Secrets of Earth's inner core
The Earth has a solid iron core. That has been known since the days of Edward Halley, the discoverer of Halley's comet. The inner core also rotates, but details of its rotation have defied explanation, until now!
Scientists at the University of Leeds have solved a 300-year-old riddle about which direction the centre of the Earth spins.
The Earth's inner core, made up of solid iron, 'superrotates' in an eastward direction â€“ meaning it spins faster than the rest of the planet â€“ while the outer core, comprising mainly molten iron, spins westwards at a slower pace.
Although Edmund Halley â€“ who also discovered the famous comet â€“ showed the westward-drifting motion of the Earthâ€™s geomagnetic field in 1692, it is the first time that scientists have been able to link the way the inner core spins to the behavior of the outer core. The planet behaves in this way because it is responding to the Earthâ€™s geomagnetic field.
The findings, published in Proceedings of the National Academy of Sciences, help scientists to interpret the dynamics of the core of the Earth, the source of our planetâ€™s magnetic field.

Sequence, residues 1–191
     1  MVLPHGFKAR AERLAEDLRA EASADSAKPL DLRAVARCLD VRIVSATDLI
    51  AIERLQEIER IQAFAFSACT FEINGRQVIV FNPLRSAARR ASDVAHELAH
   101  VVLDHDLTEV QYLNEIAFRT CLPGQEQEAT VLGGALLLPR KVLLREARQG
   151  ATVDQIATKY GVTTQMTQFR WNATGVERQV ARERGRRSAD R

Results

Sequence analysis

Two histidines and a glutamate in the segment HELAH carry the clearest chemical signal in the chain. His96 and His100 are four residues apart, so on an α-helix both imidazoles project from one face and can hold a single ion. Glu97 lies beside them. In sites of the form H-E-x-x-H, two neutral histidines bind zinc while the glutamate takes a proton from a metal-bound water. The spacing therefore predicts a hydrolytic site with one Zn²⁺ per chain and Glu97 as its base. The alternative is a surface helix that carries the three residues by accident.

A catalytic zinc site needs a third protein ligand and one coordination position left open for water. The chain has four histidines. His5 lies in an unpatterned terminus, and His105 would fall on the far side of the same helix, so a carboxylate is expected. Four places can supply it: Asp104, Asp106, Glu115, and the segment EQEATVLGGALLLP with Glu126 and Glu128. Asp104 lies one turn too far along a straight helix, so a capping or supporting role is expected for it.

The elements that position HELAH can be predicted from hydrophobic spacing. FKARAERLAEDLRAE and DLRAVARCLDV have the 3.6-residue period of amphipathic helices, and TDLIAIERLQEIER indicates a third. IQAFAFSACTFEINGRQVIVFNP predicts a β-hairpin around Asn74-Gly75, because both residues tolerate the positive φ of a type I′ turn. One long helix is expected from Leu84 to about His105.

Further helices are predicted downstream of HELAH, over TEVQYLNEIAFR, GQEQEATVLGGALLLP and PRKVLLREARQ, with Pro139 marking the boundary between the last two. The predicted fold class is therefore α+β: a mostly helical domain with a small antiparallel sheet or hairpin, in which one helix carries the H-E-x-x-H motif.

In the last few decades, seismometers measuring earthquakes travelling through the Earthâ€™s core have identified an eastwards, or superrotation of the solid inner core, relative to Earth's surface.
"The link is simply explained in terms of equal and opposite action", explains Dr Philip Livermore, of the School of Earth and Environment at the University of Leeds. "The magnetic field pushes eastwards on the inner core, causing it to spin faster than the Earth, but it also pushes in the opposite direction in the liquid outer core, which creates a westward motion."
The solid iron inner core is about the size of the Moon. It is surrounded by the liquid outer core, an iron alloy, whose convection-driven movement generates the geomagnetic field.
Image of the inner Earth via Shutterstock.
Read more at University of Leeds.